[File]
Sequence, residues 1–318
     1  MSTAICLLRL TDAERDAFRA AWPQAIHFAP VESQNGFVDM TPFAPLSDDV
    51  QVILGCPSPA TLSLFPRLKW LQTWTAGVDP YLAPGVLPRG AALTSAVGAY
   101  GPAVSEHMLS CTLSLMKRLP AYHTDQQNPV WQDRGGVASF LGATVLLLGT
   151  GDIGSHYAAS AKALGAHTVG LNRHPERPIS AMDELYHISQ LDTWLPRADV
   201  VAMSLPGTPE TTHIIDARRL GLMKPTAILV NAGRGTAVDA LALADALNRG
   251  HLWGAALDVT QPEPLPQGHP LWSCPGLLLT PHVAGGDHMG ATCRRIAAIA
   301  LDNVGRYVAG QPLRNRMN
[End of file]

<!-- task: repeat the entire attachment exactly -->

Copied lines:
Sequence, residues 1–318
     1  MSTAICLLRL TDAERDAFRA AWPQAIHFAP VESQNGFVDM TPFAPLSDDV
    51  QVILGCPSPA TLSLFPRLKW LQTWTAGVDP YLAPGVLPRG AALTSAVGAY
   101  GPAVSEHMLS CTLSLMKRLP AYHTDQQNPV WQDRGGVASF LGATVLLLGT
   151  GDIGSHYAAS AKALGAHTVG LNRHPERPIS AMDELYHISQ LDTWLPRADV
   201  VAMSLPGTPE TTHIIDARRL GLMKPTAILV NAGRGTAVDA LALADALNRG
   251  HLWGAALDVT QPEPLPQGHP LWSCPGLLLT PHVAGGDHMG ATCRRIAAIA
   301  LDNVGRYVAG QPLRNRMN